I'm long overdue on the belly update, so sorry. We ate it a fortnight ago, anyway. Wish you could have been there. We had enough left over to eat it twice.
Here's how it ate: a bit on the salty side, but not terribly so. Underneath, a sweetness redolent of the cure (half salt, half sugar). The fat - and there was a goodly bit of it - did not melt into the plate as it did at the cute little Japanese restaurant in New York where I learned the high art of pork belly. OK, it did a little.
There's nothing to doing a belly. Few days in the brine, couple hours in the oven, done. Employing Fergus Henderson's trick of lining the bottom of the dish with onions, I sliced a fairly small one, chunked it into the pan, laid the belly on top. I should have done two onions. They were the cream of the dish, turning to caramel in the soak of cured fat that dripped from the would-be bacon.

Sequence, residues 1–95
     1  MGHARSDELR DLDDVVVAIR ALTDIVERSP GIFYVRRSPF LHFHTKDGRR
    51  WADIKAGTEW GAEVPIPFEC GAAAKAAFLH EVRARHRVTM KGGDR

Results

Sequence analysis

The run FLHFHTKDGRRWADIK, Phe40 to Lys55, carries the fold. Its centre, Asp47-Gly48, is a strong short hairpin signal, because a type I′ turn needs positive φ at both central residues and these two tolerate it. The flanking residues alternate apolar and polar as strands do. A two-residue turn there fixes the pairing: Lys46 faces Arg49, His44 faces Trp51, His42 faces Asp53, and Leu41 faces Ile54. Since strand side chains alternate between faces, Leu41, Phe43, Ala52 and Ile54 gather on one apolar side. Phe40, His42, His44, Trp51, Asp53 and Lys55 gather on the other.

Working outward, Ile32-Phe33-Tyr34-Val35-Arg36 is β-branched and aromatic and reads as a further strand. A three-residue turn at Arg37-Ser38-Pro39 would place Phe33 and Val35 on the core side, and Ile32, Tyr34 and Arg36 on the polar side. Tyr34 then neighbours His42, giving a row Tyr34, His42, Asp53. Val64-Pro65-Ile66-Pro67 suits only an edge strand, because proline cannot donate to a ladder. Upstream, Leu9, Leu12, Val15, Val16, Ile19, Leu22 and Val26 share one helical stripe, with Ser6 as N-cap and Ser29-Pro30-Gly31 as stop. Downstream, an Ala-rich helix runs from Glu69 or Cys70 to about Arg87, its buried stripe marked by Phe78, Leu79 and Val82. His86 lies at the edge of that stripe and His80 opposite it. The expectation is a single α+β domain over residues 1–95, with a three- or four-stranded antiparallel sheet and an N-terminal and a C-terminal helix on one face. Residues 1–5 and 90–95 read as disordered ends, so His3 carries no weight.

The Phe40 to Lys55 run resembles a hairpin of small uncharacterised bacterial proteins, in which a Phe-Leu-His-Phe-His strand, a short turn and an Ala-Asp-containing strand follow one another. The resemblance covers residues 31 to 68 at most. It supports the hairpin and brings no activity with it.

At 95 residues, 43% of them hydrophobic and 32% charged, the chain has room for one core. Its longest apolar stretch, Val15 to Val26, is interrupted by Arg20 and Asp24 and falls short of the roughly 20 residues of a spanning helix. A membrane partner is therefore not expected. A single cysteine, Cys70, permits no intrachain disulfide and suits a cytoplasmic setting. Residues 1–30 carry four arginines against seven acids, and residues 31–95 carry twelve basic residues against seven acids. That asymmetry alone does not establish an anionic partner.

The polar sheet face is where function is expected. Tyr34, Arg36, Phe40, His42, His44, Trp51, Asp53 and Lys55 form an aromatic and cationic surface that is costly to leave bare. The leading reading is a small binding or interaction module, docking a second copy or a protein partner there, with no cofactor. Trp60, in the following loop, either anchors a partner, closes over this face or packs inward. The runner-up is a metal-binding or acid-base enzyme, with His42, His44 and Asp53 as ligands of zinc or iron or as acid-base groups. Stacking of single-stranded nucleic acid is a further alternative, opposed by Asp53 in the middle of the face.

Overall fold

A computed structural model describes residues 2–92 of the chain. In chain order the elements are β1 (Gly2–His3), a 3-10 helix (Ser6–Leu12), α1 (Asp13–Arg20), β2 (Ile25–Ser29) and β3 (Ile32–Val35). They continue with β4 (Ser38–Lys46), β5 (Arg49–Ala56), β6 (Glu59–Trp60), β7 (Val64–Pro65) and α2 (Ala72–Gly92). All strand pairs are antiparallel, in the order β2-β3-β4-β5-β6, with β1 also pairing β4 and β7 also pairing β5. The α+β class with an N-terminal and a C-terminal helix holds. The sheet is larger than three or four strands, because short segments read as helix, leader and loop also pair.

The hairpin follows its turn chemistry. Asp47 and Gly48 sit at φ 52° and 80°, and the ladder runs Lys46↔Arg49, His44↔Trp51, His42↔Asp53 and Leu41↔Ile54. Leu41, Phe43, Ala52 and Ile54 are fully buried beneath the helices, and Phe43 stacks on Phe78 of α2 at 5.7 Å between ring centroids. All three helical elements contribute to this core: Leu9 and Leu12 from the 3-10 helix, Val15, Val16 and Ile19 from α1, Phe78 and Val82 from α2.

We ate it in slices with green lentils. It was a meaty slab, moreso than I anticipated. You can't really tell until you cut into it. The meaty streaks tuck themselves into the white fat and don't come out until cooked. When cooked, what emerges is a softness that still has enough tooth to require knife and fork. (That Japanese belly went down with a spoon.) The meat is gorgeously tender and ferociously flavored. Once you get past the fact that you're eating the cut of gut, that you're tucking into chunks (versus slices) of bacon, you're stunned by how delicious it is. Belly relishes a deep glass of cabernet, by the way.
Of course, you shouldn't be. It's bacon, for goodness sake!
As I've said, I think, belly is pretty tame fare for Fergus. Next up - meaning, now occupying a spot in my brine buckets: ox tongue and pig's head. For the latter, it'll be a table of one, I fear.